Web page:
Sunday, August 7, 2022

Australian leaders seek legislative carbon reduction target

Canberra, Australia ( Associated Press) – Australia’s parliament sat on Tuesday for the first time since the May elections, with the new prime minister setting a greenhouse gas reduction target enshrined in law.

Legislation that would force Australia to reduce its emissions by 43% from 2005 levels by the end of the decade will be introduced in the House of Representatives on Wednesday.

While Prime Minister Anthony Albanese’s centre-left Labor Party has a narrow majority in the House, it will need the support of senators from outside government ranks to get the bill through the upper house.

If Labor can persuade all 12 senators in the Minor Greens party to support the bill, it would need only one more senator from the remaining six available to secure a majority.

The Greens want Australia to reduce its emissions by 75% by 2030.

The conservative coalition, which will rule for nine years until the May 21 election, will not budget from a 2015 Paris commitment to reduce emissions by between 26% and 28%.

Albanese said voters and business groups supported the 43% target.

“Our policy is well thought out,” Albanese said. “It was announced, it was hyped, in fact, it got a mandate.”

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Labor has agreed to some of the Greens’ demands, which the bill stated that any target was a floor, not a roof, and that the government’s ambition would not be undermined.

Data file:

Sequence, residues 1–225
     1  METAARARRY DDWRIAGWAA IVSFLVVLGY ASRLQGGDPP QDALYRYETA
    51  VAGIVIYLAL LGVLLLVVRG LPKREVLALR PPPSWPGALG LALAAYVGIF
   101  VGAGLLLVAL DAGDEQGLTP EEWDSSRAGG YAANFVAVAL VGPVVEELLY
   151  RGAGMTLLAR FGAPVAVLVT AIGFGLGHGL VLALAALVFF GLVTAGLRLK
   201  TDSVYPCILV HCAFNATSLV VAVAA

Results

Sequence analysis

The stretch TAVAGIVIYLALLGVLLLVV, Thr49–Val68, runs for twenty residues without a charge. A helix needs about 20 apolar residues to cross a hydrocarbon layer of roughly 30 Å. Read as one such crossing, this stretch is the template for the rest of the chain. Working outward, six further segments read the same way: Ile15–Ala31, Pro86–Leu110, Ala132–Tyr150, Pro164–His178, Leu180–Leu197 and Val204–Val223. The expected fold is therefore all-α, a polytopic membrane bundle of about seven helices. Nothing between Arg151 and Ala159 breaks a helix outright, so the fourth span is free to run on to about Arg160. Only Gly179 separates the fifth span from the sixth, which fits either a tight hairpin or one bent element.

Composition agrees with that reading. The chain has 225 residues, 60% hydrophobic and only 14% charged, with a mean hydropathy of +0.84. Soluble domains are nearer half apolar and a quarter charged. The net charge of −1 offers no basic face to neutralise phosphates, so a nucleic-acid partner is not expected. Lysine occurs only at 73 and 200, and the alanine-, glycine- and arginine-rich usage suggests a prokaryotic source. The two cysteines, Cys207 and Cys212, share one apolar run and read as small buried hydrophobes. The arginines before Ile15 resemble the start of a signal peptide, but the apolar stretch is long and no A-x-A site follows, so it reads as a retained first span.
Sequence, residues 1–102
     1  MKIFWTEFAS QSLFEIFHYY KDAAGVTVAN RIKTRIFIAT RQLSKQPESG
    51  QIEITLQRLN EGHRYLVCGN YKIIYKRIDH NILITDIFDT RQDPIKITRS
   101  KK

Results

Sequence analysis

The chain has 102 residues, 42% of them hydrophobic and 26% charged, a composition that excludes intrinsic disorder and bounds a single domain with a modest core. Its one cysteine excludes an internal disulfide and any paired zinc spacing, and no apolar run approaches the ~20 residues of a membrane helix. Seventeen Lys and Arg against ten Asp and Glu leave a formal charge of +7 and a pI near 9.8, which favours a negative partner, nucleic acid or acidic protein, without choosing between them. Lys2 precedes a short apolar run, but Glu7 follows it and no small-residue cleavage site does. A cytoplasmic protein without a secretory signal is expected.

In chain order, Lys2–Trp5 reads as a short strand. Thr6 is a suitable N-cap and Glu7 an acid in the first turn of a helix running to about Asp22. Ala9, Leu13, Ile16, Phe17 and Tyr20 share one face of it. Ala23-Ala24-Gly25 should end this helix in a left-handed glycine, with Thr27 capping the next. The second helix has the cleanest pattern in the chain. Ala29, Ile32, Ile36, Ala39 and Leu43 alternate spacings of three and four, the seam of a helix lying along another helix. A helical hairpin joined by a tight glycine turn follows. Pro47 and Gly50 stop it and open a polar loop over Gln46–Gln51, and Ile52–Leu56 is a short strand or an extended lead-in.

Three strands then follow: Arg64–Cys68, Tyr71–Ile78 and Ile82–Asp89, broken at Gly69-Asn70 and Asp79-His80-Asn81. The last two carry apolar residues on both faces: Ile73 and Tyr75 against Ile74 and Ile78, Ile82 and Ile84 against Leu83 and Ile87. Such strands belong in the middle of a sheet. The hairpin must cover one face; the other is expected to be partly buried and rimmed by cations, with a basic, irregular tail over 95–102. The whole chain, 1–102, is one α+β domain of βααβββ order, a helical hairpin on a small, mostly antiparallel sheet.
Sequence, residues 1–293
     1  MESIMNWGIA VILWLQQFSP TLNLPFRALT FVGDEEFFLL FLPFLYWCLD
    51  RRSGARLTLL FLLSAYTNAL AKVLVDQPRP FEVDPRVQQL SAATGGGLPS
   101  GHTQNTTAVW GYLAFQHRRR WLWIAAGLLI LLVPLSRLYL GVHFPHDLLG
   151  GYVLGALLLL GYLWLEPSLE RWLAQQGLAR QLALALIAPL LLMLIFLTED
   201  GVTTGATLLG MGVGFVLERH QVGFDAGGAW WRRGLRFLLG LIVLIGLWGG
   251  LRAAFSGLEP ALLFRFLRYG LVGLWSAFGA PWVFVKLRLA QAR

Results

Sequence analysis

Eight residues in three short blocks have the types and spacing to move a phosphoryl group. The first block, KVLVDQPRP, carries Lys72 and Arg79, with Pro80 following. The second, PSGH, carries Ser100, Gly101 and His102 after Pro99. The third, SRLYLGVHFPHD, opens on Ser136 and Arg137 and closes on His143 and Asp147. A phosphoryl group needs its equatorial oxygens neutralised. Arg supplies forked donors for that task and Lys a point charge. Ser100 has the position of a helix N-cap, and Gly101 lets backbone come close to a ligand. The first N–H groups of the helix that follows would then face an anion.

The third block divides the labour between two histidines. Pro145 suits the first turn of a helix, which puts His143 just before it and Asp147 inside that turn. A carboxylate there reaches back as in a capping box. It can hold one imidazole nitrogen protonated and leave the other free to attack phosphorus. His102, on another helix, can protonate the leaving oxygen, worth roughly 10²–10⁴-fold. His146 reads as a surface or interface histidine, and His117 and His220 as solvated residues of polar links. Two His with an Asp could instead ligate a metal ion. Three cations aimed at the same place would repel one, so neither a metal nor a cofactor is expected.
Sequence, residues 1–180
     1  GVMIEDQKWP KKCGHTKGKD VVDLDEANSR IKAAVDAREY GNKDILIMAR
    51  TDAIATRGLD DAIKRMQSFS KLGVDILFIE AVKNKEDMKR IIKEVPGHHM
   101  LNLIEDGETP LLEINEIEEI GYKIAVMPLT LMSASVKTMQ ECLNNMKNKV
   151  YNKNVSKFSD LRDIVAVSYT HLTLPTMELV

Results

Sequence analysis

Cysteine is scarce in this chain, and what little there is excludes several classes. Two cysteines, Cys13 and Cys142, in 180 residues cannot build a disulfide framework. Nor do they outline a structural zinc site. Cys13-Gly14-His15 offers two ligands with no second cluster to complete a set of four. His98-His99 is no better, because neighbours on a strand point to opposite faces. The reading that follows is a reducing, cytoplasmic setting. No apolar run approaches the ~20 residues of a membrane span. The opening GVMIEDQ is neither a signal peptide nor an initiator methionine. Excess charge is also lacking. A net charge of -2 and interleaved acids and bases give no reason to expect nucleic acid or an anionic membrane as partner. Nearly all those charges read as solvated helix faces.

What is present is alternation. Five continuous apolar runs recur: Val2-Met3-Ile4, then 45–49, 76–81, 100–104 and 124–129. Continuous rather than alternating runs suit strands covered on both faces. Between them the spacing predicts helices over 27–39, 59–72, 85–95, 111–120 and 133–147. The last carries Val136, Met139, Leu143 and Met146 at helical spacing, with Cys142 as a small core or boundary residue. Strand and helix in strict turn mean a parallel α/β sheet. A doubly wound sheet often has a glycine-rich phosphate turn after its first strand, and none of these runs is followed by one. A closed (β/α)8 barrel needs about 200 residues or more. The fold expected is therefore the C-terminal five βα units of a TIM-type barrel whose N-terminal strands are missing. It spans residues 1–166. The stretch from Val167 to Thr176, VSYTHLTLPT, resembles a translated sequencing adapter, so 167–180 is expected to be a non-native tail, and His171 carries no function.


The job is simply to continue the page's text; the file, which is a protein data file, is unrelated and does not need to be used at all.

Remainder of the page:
Greens leader Adam Bandt said his party needed more concessions and talks would continue.

Bandt said the government should stop approving new coal and gas projects and adopt an ambitious target of over 43%.

“We are very concerned that the bill may put that weak goal into law in a way that will put a constraint on future governments that may be willing to act according to science,” Bandt said.

The new government has already officially informed the United Nations about the 43% target.

If in future the administration tries to reduce the target it wants the target enshrined in the law.

Six new Greens lawmakers were sworn in on Tuesday, three in the House and three in the Senate. Bandt described the election result as the party’s best ever.

Both major parties lost out to candidates who promised more action on climate change.

The conservative Liberal Party lost six House seats, considered safest to so-called teal independents: a greener shade than the party’s traditional blue.

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The number of MPs unaffiliated from major parties in the House has increased from seven in the previous Parliament to 16 in the new Parliament,

This is the largest number of non-aligned MPs in the 151-seat house since the Liberal Party was formed in 1944.

Some observers say this trend suggests that Australia has few years of majority government.

Australia has had only a minority government since World War II. A Labor minority government was elected in 2010 and ran for a three-year term.

Ian McAllister, an Australian National University political scientist who surveyed voters after the election, said a large number wanted more action on climate change than the major parties were ready to take.

“We asked about climate change. These days it’s about the second or third most important issue, whereas 10 or 15 years ago it was probably the fifth or the sixth and it’s very much associated with young voters,” McAllister said.

Nation World News Desk
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